10 Highlights from CVPR 2023

Growth, innovation, emerging trends in AI, and upcoming challenges

9 min readJun 30


0. Vancouver Played Host to CVPR 2023

In the scenic embrace of Vancouver, the highly-anticipated CVPR 2023, Computer Vision and Pattern Recognition, is held from June 18th to 22nd with many luminaries and attendees. The event kicked off with two days of engaging workshops and tutorials on the 18th and 19th. Following this, the core conference dominated the stage from the 20th to the 22nd, presenting insightful oral presentations and informative posters, all against Vancouver’s stunning vistas and bustling urban charm.

1. CVPR’s Growing Impact: More Participants, More Papers, More Events

CVPR 2023 has seen significant growth in all dimensions, a testament to its increasing global influence and relevance in the field. The conference brought together over 8,000 attendees from 79 different countries, both online and on-site in Vancouver, setting the stage for a dynamic and insightful exchange.

Moreover, research vigor was evident in the increased volume of paper submissions. The conference received 9,155 papers, a remarkable 29% increase from the previous year. Among these submissions, 2,359 papers passed the stringent selection process, showing an astounding rise of 42% from 2022.

CVPR 2023 marked the inauguration of official social events by adding a new dimension to the event. A series of six engaging social events were held, fostering more significant interaction and networking among attendees. Of these, the standout event was “AMA with Senior Faculty and Industry Leaders,” organized by VESSL AI. This event was attended by more than 300 students and mentors, creating an invaluable platform for emerging professionals to interact with established leaders in the field.

2. Showcasing Innovation Amidst Challenges: Booths from Tech Giants to Emerging Challengers

Despite the shadow of the recent economic crisis appearing to loom over all tech companies, CVPR 2023 served as a vibrant arena for a formidable array of booths, where the tech giants stood shoulder to shoulder with emerging challengers. Displaying a wide array of tech stacks, the range of exhibits was vast, spanning from data acquisition and preprocessing to making inferences on pre-trained models, refining model compositions, tuning models, optimizing architecture, model training, CI/CD, hyper-parameter tuning, and even managing load balancing with serving.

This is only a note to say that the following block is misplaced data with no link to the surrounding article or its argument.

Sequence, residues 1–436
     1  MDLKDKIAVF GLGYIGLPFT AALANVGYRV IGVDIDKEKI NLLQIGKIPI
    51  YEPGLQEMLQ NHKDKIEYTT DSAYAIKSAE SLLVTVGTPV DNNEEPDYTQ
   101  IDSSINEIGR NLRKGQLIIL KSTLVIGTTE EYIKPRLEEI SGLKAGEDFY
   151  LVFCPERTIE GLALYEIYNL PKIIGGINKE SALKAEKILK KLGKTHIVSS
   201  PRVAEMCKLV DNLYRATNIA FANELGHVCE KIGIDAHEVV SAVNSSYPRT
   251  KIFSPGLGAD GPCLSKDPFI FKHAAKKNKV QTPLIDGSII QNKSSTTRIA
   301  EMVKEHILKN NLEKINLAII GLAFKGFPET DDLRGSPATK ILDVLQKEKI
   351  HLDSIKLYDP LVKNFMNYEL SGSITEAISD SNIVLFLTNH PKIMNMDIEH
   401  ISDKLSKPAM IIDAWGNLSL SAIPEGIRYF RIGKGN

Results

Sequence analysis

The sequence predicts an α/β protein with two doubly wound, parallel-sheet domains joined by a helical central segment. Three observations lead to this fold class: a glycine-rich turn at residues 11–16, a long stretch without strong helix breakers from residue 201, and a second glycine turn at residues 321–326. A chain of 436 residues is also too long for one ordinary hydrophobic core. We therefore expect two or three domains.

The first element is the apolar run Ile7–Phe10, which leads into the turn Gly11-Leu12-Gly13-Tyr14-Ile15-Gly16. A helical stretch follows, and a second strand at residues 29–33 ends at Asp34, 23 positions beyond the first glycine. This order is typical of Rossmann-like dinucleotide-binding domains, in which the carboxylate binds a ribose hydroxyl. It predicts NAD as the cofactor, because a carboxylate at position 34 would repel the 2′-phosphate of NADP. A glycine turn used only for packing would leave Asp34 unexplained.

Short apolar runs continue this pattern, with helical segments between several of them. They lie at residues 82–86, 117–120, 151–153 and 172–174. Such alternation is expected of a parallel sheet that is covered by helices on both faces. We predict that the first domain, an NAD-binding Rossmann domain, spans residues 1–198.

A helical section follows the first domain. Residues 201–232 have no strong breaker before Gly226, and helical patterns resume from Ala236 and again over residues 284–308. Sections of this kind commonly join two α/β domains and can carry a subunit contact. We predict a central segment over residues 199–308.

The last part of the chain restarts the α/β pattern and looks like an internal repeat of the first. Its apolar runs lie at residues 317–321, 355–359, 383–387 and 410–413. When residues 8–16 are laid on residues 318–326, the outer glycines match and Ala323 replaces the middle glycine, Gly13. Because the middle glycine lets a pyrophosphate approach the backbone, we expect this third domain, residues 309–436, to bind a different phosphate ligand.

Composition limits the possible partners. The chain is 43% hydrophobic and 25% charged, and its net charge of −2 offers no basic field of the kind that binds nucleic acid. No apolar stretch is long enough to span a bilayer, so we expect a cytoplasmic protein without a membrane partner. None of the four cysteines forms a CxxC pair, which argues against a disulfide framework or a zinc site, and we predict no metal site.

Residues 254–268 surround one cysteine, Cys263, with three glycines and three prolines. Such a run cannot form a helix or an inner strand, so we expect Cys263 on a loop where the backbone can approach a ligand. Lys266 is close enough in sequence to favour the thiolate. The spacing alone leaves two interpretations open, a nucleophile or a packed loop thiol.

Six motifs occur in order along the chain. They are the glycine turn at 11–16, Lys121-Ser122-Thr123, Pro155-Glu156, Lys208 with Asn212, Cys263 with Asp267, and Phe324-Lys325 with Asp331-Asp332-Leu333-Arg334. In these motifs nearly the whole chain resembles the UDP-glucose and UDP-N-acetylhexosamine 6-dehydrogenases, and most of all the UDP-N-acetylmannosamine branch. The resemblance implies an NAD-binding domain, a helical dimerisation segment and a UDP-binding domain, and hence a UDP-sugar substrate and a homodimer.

A total of 119 exhibitors graced the event, each contributing their unique technological offerings and insights. Scale AI, for instance, captured the attendees’ attention with impressive demos such as the Scale Data Engine and the Spellbook, Forge, and Enterprise Generative AI Platforms. Microsoft, on the other hand, delved into the intricacies of vision, language, and multi-modal encoding through 41 thought-provoking publications. Google stood out with its wide-ranging contribution of 90 papers, while Meta and Amazon further enriched the knowledge pool with 65 and 22 publications, respectively.

3. Interesting trend #1: Downstream Task from Large Model (LM)

One fascinating trend that emerged from CVPR 2023 was the focus on downstream tasks derived from Large Models (LM). This approach involves seeking solutions for niche areas by harnessing abstract or general knowledge. While not precisely defined under a single term, this trend conceptually embraces downstream tasks and fine-tuning techniques.

Meta’s research on Language-augmented Video Language Pretrainig, or LaViLa, exemplifies this trend. The LaViLa project improves video-language representations by augmenting them with auto-generated narrations. These narrations provide comprehensive coverage, excellent synchronization, and diverse textual input. As a result, the learned embeddings outperform previous methods in video tasks, and LaViLa shows promising scalability and potential for future developments.

Another research that resonates with this trend is a study focusing on weakly-supervised few-shot image classification and segmentation. This research utilizes a pretrained Vision Transformer (ViT) with self-supervision, allowing the model to learn classification and segmentation effectively using only image-level labels. The attention maps generated from ViT’s tokens are employed as pixel-level pseudo-labels, leading to significant performance improvements, especially in scenarios with limited or no pixel-level labels.

Lastly, a study focusing on enhancing visual grounding in Vision-Language Pretraining (VLP) models using a Position-guided Text Prompt (PTP) also falls within this trend. PTP has been shown to improve performance across various benchmarks, matching object-detector-based methods with faster inference. The code and pre-trained weights are promised to be released, making it a valuable contribution to this emerging trend.

4. Interesting trend #2: Generative AI

Google’s DreamBooth displayed a testament to the immense potential of Generative AI in Computer Vision. The prowess of this technology can be amplified even further when it’s applied to prompts and for editing specific sections of an image or generating personalized images and videos.

In particular, the generation of video content holds great promise for industries like advertising. Short-form video platforms such as YouTube Shorts or TikTok could greatly benefit from such technology, and the applications could even extend to the broader entertainment industry.

The industry’s growing emphasis on generative AI is readily apparent when you consider the volume of Generative AI papers published by tech giants such as Google, NVIDIA, and Qualcomm. This emphasis underscores the potential and the ever-growing interest in this area, indicating that the field of Generative AI is burgeoning with opportunities for further research and exploration.

5. Interesting trend #3: Connectivity with Real World

As mentioned, a series of insightful workshops were conducted at CVPR 2023, centered around real-world datasets. A workshop titled “Visual Perception via Learning in an Open World” encapsulated this focus perfectly. The workshop shed light on the unique features of open-world data, such as its open-vocabulary, ontology/taxonomy of object classes, and evolving class ontology.